We can expect all of our pitchers to develop a change up as part of their skillset. There are numerous change up grips available to a pitcher and Dickinson is ambivalent to which his pitchers use. The key will be the individual pitcher's comfort with a particular grip. They'll then go about perfecting the pitch.
I'm not giving away the farm here because Coach Dickinson has discussed these elements with the media over the years. And word gets around about what coaches and programs like to do.
As mentioned in the prior section, the change up will be used liberally by Wahoo pitchers. Dickinson believes in it so much that he'll call it in an obvious fastball count. Keeping a batter off balance is the name of the game for a pitcher and an effective change up in a fastball count will do just that.
Like we saw under Coach Kuhn, there will still be an emphasis on holding runners at first. Dickinson is a huge believer that keeping the runner at first saves runs. But holding the runner will not be a means to bring the game to a crawl. Those days are over unless, of course, Coach O'Connor has other ideas.
Dickinson is also no stranger to the changing approaches from hitters in the modern game. In a podcast, he specifically addressed the launch angle craze. He believes the best way to challenge hitters seeking additional loft on batted balls is with high heat. It's also the most common counter in MLB as high fastballs often cause swings and misses or harmless pop ups.
A Drew Dickinson bullpen may be something that Wahoo fans will have to get used to.
He's a proponent of a strong bullpen. Dickinson will seek to build a quality pen with well defined roles. But then that's where things begin to get interesting. Think Milwaukee Brewers in the 2018 MLB playoffs.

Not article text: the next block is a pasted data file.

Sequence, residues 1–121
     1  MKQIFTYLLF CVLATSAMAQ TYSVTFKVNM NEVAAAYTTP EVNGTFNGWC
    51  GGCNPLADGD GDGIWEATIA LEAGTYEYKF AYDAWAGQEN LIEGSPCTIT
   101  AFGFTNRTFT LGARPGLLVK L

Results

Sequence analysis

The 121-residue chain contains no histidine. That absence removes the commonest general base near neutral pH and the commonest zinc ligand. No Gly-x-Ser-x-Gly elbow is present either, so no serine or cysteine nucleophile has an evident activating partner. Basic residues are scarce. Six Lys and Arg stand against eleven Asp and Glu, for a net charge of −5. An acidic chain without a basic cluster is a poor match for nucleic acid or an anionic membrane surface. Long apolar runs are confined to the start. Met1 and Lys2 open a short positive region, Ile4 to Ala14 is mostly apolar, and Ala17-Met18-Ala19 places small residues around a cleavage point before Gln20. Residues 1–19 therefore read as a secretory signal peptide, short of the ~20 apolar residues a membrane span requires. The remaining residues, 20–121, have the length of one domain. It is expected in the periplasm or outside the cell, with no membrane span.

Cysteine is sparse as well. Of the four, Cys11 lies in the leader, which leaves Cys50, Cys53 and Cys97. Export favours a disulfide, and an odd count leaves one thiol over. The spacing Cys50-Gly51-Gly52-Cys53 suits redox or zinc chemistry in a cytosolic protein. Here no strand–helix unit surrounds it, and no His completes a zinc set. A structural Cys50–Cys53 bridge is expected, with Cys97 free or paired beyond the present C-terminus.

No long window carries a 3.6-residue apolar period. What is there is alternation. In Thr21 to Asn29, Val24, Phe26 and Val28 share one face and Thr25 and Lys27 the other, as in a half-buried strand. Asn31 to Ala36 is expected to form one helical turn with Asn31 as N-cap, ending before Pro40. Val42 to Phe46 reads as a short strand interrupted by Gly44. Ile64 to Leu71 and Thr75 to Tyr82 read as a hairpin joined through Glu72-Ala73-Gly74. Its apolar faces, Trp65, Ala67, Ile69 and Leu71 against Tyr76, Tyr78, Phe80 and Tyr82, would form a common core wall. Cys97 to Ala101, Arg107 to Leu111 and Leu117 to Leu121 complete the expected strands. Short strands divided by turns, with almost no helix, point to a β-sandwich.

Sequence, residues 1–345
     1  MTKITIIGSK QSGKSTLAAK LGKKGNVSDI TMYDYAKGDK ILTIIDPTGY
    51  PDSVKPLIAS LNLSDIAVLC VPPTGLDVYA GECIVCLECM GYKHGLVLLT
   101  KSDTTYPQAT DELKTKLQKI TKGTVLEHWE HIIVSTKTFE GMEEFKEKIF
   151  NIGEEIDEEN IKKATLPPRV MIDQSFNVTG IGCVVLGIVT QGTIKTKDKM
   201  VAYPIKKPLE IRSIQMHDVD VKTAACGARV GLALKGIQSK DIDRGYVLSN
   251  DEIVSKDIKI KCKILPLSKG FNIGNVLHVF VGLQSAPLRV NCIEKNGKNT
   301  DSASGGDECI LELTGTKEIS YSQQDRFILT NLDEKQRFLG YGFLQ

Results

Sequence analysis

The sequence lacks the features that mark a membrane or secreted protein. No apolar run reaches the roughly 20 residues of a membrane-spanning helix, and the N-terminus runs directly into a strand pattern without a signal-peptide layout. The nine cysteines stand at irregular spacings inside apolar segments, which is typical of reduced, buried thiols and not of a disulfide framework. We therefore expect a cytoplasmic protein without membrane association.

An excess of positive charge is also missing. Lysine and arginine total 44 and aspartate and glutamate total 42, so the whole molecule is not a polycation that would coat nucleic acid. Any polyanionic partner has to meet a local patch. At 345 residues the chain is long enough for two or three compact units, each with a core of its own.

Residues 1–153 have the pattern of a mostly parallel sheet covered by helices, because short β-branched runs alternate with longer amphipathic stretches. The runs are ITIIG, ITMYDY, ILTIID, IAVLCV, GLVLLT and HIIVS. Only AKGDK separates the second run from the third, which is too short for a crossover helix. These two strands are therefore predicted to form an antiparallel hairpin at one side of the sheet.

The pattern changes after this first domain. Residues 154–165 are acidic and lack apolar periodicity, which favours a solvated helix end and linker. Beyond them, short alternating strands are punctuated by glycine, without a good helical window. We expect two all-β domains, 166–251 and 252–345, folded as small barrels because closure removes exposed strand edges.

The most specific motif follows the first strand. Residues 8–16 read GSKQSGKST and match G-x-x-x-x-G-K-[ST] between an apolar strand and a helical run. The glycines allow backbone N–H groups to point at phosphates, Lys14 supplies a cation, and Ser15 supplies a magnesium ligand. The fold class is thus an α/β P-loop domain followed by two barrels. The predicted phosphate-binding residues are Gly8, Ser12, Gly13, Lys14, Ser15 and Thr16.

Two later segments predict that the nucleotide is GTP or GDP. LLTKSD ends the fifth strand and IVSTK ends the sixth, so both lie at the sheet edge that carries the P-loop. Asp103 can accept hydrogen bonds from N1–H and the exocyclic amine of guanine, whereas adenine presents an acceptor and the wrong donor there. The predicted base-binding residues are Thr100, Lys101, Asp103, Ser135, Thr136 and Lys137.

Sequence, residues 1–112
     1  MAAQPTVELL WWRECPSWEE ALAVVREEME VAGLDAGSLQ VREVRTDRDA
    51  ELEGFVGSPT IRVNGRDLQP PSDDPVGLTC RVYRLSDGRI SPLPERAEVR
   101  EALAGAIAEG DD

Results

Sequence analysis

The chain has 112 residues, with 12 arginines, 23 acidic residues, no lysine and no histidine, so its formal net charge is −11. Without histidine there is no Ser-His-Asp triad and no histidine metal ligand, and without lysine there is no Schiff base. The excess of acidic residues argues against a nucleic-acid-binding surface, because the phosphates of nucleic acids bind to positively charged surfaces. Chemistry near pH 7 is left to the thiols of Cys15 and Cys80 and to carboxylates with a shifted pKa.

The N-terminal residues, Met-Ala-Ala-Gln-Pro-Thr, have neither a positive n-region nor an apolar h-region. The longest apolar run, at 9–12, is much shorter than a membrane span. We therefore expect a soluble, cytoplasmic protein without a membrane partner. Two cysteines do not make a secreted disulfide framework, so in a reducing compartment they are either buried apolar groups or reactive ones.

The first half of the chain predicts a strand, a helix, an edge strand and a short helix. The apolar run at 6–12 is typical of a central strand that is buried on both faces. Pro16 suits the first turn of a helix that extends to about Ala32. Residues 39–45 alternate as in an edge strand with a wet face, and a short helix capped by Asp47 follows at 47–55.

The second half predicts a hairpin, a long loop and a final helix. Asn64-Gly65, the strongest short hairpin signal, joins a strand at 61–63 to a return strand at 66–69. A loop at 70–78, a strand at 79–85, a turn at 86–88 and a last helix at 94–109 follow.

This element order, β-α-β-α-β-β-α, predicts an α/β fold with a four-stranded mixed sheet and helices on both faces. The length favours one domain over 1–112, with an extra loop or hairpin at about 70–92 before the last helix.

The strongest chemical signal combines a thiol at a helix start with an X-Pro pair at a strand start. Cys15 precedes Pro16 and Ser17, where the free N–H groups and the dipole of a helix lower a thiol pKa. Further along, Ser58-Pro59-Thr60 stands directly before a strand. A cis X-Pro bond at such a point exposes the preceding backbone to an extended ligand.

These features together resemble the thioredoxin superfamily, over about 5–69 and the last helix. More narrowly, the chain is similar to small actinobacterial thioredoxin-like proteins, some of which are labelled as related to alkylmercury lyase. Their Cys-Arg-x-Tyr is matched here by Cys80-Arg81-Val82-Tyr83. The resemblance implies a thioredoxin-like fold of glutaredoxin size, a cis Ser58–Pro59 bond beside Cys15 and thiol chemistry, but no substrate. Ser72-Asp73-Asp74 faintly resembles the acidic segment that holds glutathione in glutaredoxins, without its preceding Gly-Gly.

Over the course of his tenure at UVA, we're going to see pitchers that we swear should be starters operating out of the bullpen. It's a direct result of the importance that Dickinson places on a bullpen. At Illinois, for example, Tyler Jay was easily the Illini's best pitcher from 2013 to 2015. Instead of anchoring the weekend rotation, Jay functioned as the team's closer. You can absolutely expect an Andrew Abbott to continue to be a relief pitcher for the Hoos. It wouldn't surprise to see Chesdin Harrington, UVA's top starter at the conclusion of the 2019 season, in the bullpen as well.
If our best pitcher is in the pen, you can expect that his throwing program will be modified throughout the season so that he'll be stretched out for crunch time. In this scenario, we can absolutely expect to see the top reliever start, or make an extended relief appearance, in a huge regular season or postseason elimination game.